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ought to provide against evils which, though not really upon us, may fairly be apprehended.
Before the passing of the Reform Act of 1832 a general election was a very different affair to what it now is. The cost of elections under the Triennial Act was made a pretext for having fewer of them; but what was the result of extending the duration of Parliaments to seven years? This extension of the lease of power only made a seat in Parliament the more desirable, and intensified the bribery, corruption, and wild excess which had already been too marked a feature of all Parliamentary elections; and in support of this, I may quote some instances during the last half of the eighteenth century. At the general election of 1754 very gross bribery prevailed so much so that, out of forty-two elections, only one electoral contest took place. And in 1761, bribery was more lavish than ever, and the elections characterised by unusual excesses. In 1768 Earl Spencer spent 70,000l. to return his candidate for Northampton ; and the Duke of Portland is said to have spent 40,000l. in contesting Westmoreland and Cumberland. In 1794, even before the election, Gatton already fetched 70,000l.; in 1830, Lord Monson is said to have given 180,000l. for this same borough of Gatton, which returned two members; and, in 1831, Lord John Russell declared that, within the memory of some men still living, an election in the city of York had been known to cost nearly 150,000l. From all this it is impossible for any one to assert that the Septennial Act in the least met the evils of great expenditure and corruption.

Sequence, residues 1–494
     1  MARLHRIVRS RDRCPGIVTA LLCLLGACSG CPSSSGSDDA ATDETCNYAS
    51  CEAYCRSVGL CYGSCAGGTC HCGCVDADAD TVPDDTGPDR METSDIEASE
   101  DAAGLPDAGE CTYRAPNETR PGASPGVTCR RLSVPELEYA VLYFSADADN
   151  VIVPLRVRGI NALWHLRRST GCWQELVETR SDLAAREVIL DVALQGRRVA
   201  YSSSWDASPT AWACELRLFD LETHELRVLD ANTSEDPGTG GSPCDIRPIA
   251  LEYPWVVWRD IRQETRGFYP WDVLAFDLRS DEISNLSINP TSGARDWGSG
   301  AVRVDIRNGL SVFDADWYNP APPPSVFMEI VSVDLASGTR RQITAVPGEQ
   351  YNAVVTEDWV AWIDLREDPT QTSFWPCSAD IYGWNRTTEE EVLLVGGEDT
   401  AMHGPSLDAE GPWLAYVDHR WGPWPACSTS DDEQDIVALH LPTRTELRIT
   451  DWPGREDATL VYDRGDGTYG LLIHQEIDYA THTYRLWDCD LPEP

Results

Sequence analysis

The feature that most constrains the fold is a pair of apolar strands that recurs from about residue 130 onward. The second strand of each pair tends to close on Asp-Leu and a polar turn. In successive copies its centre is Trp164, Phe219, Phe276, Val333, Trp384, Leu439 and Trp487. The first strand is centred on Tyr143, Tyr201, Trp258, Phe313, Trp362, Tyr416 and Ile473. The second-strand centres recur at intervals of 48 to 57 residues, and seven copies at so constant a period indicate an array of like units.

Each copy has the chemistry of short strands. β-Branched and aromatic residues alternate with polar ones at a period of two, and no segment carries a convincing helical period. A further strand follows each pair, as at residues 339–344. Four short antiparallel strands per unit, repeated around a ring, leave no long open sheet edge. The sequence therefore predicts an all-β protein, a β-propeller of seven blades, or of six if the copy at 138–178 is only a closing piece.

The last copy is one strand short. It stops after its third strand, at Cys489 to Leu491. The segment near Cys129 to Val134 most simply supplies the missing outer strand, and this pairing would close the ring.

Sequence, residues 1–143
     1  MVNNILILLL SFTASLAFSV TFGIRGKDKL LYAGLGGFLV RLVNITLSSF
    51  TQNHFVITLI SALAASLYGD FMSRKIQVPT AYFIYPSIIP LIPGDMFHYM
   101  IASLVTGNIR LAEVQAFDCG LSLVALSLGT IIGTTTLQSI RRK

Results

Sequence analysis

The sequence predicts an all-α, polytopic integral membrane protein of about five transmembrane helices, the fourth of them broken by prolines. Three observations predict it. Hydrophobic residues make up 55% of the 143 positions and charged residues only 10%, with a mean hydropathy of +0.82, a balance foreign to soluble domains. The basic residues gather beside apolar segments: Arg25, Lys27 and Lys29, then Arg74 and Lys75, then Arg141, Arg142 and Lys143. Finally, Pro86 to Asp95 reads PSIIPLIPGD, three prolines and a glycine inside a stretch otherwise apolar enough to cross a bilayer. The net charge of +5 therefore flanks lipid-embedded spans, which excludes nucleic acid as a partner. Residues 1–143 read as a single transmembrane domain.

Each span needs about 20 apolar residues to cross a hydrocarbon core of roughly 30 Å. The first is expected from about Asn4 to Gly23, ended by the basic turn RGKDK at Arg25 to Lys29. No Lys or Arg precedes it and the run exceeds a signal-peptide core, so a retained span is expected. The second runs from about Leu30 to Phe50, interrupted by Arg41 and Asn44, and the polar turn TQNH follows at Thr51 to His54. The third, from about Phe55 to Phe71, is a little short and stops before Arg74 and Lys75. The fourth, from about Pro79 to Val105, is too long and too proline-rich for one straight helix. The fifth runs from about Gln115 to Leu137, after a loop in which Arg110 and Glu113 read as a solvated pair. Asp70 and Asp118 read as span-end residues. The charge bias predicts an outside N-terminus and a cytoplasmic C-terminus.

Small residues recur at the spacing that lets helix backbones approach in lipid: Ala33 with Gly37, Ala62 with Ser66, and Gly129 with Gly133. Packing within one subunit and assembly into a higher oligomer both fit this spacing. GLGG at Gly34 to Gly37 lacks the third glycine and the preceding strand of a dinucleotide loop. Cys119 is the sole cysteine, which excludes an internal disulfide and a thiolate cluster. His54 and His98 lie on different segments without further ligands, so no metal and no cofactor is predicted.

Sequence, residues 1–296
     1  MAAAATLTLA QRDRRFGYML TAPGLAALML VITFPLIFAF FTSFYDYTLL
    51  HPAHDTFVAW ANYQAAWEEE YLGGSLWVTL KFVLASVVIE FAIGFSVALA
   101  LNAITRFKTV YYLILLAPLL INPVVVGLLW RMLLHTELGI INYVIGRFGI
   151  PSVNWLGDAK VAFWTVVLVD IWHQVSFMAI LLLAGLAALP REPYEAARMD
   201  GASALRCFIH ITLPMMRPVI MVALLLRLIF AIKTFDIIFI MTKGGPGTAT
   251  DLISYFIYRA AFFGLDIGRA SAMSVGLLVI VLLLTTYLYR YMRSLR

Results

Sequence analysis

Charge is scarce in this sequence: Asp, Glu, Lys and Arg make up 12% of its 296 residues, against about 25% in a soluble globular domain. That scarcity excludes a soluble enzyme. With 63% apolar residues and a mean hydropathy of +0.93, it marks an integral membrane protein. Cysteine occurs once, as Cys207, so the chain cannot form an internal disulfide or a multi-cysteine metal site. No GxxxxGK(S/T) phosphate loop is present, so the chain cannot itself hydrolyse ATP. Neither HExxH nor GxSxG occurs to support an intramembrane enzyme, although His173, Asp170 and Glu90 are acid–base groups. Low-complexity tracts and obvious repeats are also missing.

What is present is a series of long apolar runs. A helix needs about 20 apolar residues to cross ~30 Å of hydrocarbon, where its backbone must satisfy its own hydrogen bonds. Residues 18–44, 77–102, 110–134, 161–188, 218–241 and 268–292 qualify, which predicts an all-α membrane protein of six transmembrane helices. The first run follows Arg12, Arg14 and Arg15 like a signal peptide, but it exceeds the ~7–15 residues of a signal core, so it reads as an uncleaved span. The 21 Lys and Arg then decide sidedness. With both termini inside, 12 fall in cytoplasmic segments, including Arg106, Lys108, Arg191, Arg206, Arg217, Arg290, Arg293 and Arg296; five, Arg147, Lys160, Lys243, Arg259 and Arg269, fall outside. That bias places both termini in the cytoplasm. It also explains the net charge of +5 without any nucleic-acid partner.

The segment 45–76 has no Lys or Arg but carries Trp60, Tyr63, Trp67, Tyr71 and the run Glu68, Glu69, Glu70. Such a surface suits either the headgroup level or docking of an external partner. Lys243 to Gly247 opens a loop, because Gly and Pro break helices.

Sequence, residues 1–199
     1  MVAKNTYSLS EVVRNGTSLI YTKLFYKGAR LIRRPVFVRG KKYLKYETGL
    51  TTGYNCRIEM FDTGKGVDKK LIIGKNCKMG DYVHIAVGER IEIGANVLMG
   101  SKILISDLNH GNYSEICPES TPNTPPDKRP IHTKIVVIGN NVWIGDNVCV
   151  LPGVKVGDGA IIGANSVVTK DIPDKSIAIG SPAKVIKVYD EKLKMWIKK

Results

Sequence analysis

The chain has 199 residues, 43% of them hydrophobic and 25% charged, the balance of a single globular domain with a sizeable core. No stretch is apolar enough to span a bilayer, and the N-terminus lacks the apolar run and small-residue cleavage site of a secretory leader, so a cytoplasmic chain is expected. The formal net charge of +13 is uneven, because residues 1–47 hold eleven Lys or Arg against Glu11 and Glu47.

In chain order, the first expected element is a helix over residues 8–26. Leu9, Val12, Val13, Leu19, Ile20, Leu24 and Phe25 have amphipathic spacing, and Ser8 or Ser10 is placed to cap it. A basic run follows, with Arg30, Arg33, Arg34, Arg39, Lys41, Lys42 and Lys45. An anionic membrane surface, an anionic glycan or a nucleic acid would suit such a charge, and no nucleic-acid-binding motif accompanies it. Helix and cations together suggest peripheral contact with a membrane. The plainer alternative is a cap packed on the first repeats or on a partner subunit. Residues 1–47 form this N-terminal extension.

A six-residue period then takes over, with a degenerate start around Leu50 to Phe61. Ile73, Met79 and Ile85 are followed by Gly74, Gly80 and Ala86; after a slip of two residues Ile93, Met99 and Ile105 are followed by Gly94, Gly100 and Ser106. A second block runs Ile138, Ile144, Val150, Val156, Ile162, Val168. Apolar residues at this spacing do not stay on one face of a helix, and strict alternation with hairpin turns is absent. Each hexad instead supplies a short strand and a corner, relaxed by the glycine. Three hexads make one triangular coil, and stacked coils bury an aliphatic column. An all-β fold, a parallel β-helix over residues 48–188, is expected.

In truth, the people who had votes were only bought and sold for a longer period than before by the patrician families of England. Writing of England as recently even as in 1821, Sydney Smith said truly: The country belongs to the Dukes of Rutland and of Newcastle, and to Lord Londsdale and about twenty other holders of boroughs. They are our masters.' And about this time in Scotland. the state of affairs was just as unsatisfactory. Edinburgh and Glasgow had each a constituency of thirty-three persons, who were pretty much self-elected; and the whole constituency of Scotland was under 4,000 voters! The county of Argyle, with a population of 100,000 inhabitants, had but 115 electors. The potentates elected whoever they liked. Then in the county of Bute there were but 21 electors, only one of whom was resident. He took the chair at elections, and settled everything his own way. The Scotch magnates nominated nearly all the Scotch members, and sold themselves, with their protégés, to the Ministry of the day. In Ireland two-thirds of the hundred members were nominated by some sixty influential patrons !
With such a state of things how often Parliaments were elected was of no kind of importance to the people in general; nor, indeed, were the elections desirable in the interests of anybody, for during